The final paragraph introduces the study you did, your hypothesis, and your predictions. While you don’t need to include details of the methods, you should include a quick overview and definitely introduce your study system (or the plant/animal/cell type/other you worked with). This example introduces the study system (Elodea canadensis) but it would be stronger if it included some justification of why this is a good study system for the experiment at hand. This could be super simple, like “ the aquatic plant Elodea canadensis, which was selected because it is well-studied and easy to care for in the lab (citation needed).”

This student explains the reasons for their predictions and connects photosynthesis to the variable measured, dissolved oxygen. The prediction is directly related to the results of the published study cited above, but also novel because it uses a different organism. This paragraph could be more clear about what the study will achieve, although this can be difficult to articulate for labs that aren’t actually novel research. An example would be adding this sentence to the end: “This research improves our understanding of the limits of photosynthesis for plants like Elodea Canadensis and will help determine sunlight needs and optimum growing conditions for this species.”

Tip 5.17.12.

Including a quick overview of the methods of studies you cite helps the reader understand similarities and differences with the current experiment.

Example 5.17.13. Introduction: Chemistry.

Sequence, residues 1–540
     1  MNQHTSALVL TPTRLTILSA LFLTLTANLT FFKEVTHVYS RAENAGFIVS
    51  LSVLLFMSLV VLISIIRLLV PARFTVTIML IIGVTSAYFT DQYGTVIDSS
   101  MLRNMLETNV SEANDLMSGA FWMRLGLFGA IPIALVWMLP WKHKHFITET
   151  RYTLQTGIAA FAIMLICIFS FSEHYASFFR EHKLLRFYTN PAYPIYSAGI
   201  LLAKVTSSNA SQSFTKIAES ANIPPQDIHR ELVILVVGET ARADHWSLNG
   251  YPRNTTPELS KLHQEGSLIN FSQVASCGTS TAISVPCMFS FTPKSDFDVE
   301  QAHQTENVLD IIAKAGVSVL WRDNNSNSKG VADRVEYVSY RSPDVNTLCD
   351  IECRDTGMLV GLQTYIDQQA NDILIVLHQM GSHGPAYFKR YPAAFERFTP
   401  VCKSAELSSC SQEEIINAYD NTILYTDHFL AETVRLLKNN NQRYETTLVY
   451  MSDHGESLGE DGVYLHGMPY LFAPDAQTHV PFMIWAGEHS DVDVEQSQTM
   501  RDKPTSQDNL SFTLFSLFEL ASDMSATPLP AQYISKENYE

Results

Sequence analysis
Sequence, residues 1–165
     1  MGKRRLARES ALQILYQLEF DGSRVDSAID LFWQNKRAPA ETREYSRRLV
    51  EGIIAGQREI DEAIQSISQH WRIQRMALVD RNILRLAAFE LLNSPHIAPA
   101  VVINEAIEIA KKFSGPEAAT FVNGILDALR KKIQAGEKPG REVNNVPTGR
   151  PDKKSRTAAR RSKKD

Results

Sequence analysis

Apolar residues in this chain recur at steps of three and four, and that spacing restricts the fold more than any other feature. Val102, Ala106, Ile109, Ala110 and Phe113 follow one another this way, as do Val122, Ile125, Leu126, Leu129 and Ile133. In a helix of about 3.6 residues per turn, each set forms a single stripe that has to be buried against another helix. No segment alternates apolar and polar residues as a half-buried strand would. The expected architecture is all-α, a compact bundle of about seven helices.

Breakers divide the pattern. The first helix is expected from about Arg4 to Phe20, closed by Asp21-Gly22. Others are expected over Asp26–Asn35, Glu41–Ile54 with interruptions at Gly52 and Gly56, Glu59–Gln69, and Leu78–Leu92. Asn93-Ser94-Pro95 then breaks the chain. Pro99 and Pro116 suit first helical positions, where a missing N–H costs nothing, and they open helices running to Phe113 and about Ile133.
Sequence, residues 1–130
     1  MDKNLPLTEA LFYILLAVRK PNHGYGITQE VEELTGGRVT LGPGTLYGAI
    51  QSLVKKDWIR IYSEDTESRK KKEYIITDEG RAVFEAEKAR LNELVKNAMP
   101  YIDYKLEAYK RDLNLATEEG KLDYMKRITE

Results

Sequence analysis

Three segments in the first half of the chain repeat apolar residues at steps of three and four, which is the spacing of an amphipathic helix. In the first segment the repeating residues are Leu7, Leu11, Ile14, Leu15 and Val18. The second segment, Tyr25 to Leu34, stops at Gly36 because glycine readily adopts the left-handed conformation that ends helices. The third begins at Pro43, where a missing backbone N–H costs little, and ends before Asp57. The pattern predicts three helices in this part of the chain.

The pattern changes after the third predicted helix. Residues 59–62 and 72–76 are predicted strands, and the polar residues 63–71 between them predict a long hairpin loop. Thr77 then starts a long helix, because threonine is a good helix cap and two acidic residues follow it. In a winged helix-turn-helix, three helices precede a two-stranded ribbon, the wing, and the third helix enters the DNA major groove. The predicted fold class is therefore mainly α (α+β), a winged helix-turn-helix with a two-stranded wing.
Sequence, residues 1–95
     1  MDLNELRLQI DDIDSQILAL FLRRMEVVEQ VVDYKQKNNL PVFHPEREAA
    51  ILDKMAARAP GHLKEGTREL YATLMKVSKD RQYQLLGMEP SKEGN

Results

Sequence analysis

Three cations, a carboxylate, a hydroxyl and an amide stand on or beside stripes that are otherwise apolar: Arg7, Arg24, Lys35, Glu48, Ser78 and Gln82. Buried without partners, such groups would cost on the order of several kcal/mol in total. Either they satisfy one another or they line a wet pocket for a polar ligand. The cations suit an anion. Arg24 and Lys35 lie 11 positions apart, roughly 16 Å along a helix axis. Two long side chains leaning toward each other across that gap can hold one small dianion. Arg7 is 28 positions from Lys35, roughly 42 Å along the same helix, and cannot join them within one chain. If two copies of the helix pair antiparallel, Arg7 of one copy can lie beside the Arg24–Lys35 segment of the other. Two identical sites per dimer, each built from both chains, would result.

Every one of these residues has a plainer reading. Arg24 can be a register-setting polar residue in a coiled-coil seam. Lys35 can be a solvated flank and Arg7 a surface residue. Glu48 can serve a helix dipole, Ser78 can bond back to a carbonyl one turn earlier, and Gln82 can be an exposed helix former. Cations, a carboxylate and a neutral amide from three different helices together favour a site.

Gasses can be difficult to identify due to their similarities in appearance. However, various physical characteristics of gases are well-documented and can be used for identification. These include molar mass, flammability, smell, and reactivity with other chemicals.

Determining the molar mass of a gas is possible thanks to the ideal gas law, PV=nRT, which was created by Émile Clapeyron in 1834 by combining previous gas laws (Flowers et al. 2015). The ideal gas law can be used to determine how many moles of a known gas or gas mixture, like air, fit into a flask. Italian chemist Amedeo Avogadro determined that an equal volume of two different gasses at the same temperature and pressure would consist of the same number of moles, so by calculating how many moles of a known gas fit in a container we can assume that the same number of moles of an unknown gas fit in the same container under equivalent environmental conditions (Flowers et al 2015). By determining the number of moles and the mass we can determine the molar mass, an important clue to identify the gas.

In this lab, we will use standard techniques including flame tests and determining molar mass to examine the properties of three unknown gasses. The properties of the unknowns will be compared to literature values for different gasses in order to identify them.

For lab reports in general Chemistry, you may not be expected to write an introduction. This is because these labs are focused on learning experimental methods and chemical principles, so less background is required to place them in the context of scientific literature in the field. This introduction focuses on giving relevant background information on the techniques used and laying out the objective of the lab, and is notably shorter than the biology example. The only cited source is the textbook. For upper division chemistry work, you should provide more substantive background information, including citing the original papers that pioneered this synthesis, experiment, etc. Also look into how the experiment applies to real life of the field more broadly: does it have functional applications, or is it used in making everyday products? Still, introductions for chemistry lab reports will generally start less broad than those for biology.

The last paragraph addresses the objective of the lab. In this example, hypotheses or predictions are not included because there aren’t yet any clues as to the identity of the gasses.